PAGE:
Pear-bedstraw aphid

Pear-bedstraw aphid can cause leaf discolouration and distortion on pear trees in spring.

Pear-bedstraw aphid (<EM>Dysaphis pyri</EM>) on pear
Pear-bedstraw aphid (Dysaphis pyri) on pear

Quick facts

Common name: Pear bedstraw aphid
Scientific name: Dysaphis pyri
Plants affected: Pear
Main cause: Sap-sucking insects causing discoloured and distorted foliage
Timing: April-July

What is pear-bedstraw aphid?

phids are sap-sucking true bugs. They range in size from 1 to 7mm (¼in or less) long. Some aphids are known as greenfly or blackfly, but there are species that are yellow, pink, white or mottled. There are more than 500 aphid species in Britain. Some feed on only one or two plant species, but others can be found on a wide range of plant hosts. Many have lifecycles that involve more than one host plant. Almost any plant can be a host to aphids, including ornamentals, vegetables, fruits, greenhouse plants and houseplants. More information on aphids

Pear-bedstraw aphid is a small pinkish species that feeds on pear foliage during spring and early summer. Large populations can check plant growth and can cover the foliage in honeydew, the crop is often unaffected. 


Dense colonies of small (<2.5mm) pinkish grey aphids develop on the underside of the foliage in spring and early summer. Leaves at the shoot tips can become curled and yellowish and in some cases shoots show stunted growth with distorted leaves that start to turn brown during the summer. The crop and future health of the tree  however, can be unaffected. These aphids often support large numbers of predators.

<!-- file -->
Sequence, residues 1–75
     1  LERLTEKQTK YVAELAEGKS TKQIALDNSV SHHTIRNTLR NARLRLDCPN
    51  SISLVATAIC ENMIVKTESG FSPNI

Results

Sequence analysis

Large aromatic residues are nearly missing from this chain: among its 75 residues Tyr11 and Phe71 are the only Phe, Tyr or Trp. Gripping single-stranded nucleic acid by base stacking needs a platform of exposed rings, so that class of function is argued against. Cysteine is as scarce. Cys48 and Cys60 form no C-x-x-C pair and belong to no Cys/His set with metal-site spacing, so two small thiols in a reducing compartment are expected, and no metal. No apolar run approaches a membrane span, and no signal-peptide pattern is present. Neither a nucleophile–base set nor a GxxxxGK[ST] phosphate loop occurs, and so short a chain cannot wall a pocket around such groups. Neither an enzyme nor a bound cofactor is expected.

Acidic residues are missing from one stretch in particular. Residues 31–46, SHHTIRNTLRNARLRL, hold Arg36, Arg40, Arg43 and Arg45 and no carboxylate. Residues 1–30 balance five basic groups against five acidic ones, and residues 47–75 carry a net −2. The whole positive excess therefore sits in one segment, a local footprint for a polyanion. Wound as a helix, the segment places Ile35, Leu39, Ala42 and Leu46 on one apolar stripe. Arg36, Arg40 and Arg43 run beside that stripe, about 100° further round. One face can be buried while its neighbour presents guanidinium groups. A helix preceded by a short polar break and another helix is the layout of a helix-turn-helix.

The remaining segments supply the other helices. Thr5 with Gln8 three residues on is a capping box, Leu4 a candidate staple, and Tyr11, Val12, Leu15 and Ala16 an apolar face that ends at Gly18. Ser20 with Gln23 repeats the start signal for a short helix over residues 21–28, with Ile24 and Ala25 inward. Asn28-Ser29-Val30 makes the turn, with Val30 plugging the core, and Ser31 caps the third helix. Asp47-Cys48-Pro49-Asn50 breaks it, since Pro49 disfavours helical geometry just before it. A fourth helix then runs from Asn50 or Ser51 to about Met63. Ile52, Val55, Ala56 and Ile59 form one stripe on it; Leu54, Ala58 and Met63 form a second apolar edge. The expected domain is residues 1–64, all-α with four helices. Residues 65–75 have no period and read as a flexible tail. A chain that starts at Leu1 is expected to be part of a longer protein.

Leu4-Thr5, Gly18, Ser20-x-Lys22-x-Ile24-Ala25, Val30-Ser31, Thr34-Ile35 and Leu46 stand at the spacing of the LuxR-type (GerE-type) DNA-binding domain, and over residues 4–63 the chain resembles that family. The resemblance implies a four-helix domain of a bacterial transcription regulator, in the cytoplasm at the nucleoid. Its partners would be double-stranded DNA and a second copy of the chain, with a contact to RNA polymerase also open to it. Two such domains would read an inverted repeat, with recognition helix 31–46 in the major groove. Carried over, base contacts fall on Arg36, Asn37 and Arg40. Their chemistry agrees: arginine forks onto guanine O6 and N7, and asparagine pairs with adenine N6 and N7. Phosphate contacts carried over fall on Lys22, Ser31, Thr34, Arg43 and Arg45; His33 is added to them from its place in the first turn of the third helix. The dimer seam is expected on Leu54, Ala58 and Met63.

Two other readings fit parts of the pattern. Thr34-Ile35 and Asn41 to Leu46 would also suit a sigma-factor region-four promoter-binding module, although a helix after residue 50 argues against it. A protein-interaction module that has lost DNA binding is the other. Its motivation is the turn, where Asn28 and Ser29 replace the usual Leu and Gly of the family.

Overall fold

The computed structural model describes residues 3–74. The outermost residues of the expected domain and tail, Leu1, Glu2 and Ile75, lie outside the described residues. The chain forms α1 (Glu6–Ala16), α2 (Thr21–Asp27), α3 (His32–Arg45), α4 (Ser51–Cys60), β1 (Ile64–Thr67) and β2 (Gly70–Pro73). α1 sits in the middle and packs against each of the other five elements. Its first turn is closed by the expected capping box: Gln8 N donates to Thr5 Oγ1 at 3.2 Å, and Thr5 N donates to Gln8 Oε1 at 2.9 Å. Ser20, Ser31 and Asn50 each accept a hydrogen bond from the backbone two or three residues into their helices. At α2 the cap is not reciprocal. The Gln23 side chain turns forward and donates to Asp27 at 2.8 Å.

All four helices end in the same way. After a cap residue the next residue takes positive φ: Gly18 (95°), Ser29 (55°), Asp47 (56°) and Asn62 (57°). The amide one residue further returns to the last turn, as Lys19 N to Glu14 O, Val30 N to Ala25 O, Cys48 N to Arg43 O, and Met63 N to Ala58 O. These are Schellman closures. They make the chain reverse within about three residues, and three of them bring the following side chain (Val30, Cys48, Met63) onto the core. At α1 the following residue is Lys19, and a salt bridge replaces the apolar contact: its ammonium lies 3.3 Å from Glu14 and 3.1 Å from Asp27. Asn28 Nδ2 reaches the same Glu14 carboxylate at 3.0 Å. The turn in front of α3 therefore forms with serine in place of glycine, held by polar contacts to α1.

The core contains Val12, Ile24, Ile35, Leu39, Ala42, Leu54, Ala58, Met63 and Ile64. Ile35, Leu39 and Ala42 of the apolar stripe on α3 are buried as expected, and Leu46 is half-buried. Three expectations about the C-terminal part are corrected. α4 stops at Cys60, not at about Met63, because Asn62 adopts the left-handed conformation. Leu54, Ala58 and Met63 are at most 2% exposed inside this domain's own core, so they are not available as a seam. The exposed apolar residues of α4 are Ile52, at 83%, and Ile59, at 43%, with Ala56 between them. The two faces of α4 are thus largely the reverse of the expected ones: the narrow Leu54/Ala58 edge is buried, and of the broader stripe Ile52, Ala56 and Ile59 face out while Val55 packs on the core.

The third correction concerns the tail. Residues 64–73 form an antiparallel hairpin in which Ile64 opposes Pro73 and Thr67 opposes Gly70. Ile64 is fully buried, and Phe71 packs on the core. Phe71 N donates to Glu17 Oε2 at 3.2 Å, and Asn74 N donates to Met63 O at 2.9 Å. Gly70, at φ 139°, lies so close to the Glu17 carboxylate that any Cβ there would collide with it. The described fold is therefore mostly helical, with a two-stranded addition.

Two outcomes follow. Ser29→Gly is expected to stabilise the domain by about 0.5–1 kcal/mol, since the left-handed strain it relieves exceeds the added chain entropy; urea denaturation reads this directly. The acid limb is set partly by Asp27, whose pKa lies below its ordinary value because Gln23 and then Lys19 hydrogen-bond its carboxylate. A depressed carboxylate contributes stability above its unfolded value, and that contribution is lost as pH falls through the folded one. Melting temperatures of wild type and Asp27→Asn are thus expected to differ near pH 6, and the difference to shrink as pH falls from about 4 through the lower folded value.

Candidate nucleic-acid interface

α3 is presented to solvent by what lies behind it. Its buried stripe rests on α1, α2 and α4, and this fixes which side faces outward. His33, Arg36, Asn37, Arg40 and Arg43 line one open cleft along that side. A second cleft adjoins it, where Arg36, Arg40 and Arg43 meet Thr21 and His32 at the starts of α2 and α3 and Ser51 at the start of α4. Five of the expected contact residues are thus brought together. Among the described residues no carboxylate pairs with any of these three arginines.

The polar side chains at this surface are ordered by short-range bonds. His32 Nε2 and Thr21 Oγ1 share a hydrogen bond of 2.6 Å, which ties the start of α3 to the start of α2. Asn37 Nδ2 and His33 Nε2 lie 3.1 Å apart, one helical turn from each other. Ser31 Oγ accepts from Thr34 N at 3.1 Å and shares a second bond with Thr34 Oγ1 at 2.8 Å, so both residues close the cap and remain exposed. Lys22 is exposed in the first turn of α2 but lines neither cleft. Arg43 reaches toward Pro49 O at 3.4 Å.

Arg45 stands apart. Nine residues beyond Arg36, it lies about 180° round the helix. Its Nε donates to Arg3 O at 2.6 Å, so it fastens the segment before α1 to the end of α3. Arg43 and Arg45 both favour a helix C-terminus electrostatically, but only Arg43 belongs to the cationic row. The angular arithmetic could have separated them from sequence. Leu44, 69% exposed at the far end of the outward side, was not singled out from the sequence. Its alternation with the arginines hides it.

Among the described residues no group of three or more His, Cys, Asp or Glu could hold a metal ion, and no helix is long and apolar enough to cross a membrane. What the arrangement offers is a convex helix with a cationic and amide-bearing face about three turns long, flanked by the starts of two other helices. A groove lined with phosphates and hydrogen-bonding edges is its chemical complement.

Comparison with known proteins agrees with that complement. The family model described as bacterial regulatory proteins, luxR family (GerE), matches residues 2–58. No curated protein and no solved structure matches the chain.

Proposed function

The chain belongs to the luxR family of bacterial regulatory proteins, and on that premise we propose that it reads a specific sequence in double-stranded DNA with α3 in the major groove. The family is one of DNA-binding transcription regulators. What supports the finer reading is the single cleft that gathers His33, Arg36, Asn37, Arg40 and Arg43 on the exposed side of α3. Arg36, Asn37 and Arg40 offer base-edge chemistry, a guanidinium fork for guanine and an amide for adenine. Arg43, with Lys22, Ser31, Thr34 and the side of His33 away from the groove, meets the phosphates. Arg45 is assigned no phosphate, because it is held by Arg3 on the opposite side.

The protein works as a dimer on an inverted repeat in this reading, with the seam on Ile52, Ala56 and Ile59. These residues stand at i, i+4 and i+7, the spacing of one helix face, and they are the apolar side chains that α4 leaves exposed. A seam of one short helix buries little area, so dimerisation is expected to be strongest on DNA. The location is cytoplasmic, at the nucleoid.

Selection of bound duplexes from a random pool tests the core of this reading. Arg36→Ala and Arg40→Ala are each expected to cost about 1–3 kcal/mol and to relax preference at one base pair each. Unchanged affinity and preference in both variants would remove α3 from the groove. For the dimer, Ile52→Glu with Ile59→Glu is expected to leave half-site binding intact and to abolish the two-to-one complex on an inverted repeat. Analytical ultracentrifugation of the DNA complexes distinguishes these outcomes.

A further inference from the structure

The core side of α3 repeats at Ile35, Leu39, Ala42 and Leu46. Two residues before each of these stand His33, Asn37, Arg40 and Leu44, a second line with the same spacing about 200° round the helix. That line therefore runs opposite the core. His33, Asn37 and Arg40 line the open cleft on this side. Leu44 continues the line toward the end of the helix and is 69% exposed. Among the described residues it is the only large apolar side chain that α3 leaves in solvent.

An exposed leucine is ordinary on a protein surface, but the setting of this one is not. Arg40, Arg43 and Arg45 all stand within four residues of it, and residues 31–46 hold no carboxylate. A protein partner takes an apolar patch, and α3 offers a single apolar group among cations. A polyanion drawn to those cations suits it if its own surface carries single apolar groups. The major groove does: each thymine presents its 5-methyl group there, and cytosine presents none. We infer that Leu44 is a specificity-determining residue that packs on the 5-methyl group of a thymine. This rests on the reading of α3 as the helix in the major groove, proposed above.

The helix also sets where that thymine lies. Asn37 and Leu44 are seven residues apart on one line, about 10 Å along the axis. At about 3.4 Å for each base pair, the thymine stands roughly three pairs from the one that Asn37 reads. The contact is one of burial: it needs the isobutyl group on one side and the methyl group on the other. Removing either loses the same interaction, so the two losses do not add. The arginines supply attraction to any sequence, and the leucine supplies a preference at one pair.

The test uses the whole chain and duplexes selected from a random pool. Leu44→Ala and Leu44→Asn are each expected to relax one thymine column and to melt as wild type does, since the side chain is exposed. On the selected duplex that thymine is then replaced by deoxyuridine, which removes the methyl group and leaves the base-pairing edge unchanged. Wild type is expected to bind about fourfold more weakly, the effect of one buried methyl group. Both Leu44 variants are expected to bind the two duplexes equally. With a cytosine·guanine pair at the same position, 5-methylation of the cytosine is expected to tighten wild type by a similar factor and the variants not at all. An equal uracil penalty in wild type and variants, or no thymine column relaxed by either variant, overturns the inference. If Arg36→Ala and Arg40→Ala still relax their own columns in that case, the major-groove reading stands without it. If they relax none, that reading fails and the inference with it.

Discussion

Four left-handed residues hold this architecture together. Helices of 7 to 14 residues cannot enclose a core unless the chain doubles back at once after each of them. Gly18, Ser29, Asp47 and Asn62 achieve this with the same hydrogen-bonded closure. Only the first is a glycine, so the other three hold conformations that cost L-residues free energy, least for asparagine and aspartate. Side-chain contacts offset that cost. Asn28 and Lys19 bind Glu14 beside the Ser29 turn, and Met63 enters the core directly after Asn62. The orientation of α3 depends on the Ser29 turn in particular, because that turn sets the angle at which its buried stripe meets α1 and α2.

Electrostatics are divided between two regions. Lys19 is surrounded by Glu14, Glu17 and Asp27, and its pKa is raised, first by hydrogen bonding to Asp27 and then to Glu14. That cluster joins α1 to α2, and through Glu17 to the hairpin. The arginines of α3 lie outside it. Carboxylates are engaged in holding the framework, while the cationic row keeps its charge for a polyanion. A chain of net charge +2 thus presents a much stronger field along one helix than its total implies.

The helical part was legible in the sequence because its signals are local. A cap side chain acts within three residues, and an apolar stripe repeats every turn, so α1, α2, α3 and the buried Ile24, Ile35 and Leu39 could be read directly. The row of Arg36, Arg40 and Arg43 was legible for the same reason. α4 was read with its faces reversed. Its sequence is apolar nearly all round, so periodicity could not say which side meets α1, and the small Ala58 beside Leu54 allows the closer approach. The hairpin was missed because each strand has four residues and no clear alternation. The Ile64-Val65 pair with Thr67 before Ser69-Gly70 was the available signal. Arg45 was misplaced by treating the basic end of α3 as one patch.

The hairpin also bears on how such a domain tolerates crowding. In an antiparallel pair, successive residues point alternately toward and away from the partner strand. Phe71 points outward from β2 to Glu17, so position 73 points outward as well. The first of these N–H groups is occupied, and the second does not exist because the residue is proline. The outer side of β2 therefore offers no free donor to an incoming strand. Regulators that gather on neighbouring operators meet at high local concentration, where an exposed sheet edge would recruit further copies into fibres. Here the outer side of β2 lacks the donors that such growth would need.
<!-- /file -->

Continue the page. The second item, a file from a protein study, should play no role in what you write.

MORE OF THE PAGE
The leaves can also become sticky with honeydew, on which black sooty moulds may develop. During summer populations on pear die out and the aphids migrate to bedstraws (Gallium species).


Aphids form the basis of many food chains in the garden and it is not unusual to have some of these animals in a healthy balanced garden ecosystem. Once leaf distortion has occurred there is little that can be done to control this insect, this is also true on tall trees as treatment is only likely to be successful if the entire plant can be reached. When choosing management options you can minimise harm to non-target animals by starting with the methods in the non-pesticide control section and avoiding pesticides. Within pesticides the shorter persistence products (that are usually certified for organic growing) are likely to be less damaging to non-target wildlife than those with longer persistence and/or systemic action. Pesticide treatments are likely to kill natural enemies and are only likely to be successful if the entire plant can be reached.

Non-pesticide control

  • Where possible tolerate populations of aphids, they form an important part of many food chains and can be part of a healthy garden ecosystem
  • Use finger and thumb to squash aphid colonies where practical
  • Encourage aphid predators in the garden, such as ladybirds, ground beetles, hoverflies, parasitoid wasps and earwigs. Be aware that in spring aphid populations often build up before natural enemies are active in sufficient numbers and then give good control
  • There is evidence that earwigs on fruit trees can reduce aphid numbers and they do not cause damage to the trees or fruits. Providing shelters such as flower pots loosely stuffed with hay in trees can help increase numbers